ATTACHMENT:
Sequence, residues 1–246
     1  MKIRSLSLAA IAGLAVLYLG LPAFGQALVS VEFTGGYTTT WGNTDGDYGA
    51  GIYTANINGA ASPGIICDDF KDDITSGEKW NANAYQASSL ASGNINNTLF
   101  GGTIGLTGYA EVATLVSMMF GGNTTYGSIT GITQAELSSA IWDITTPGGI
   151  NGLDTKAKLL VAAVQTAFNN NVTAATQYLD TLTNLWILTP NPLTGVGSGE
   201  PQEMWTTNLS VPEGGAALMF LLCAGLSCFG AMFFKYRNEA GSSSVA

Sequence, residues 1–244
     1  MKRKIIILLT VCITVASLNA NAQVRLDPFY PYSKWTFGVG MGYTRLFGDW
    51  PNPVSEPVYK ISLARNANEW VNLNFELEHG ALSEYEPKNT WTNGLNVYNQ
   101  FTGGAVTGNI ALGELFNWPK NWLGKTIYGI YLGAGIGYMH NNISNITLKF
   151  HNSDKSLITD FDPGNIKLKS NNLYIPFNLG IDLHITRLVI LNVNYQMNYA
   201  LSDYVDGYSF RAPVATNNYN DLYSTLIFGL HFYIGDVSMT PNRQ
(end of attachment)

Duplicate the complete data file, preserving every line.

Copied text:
Sequence, residues 1–246
     1  MKIRSLSLAA IAGLAVLYLG LPAFGQALVS VEFTGGYTTT WGNTDGDYGA
    51  GIYTANINGA ASPGIICDDF KDDITSGEKW NANAYQASSL ASGNINNTLF
   101  GGTIGLTGYA EVATLVSMMF GGNTTYGSIT GITQAELSSA IWDITTPGGI
   151  NGLDTKAKLL VAAVQTAFNN NVTAATQYLD TLTNLWILTP NPLTGVGSGE
   201  PQEMWTTNLS VPEGGAALMF LLCAGLSCFG AMFFKYRNEA GSSSVA

Sequence, residues 1–244
     1  MKRKIIILLT VCITVASLNA NAQVRLDPFY PYSKWTFGVG MGYTRLFGDW
    51  PNPVSEPVYK ISLARNANEW VNLNFELEHG ALSEYEPKNT WTNGLNVYNQ
   101  FTGGAVTGNI ALGELFNWPK NWLGKTIYGI YLGAGIGYMH NNISNITLKF
   151  HNSDKSLITD FDPGNIKLKS NNLYIPFNLG IDLHITRLVI LNVNYQMNYA
   201  LSDYVDGYSF RAPVATNNYN DLYSTLIFGL HFYIGDVSMT PNRQ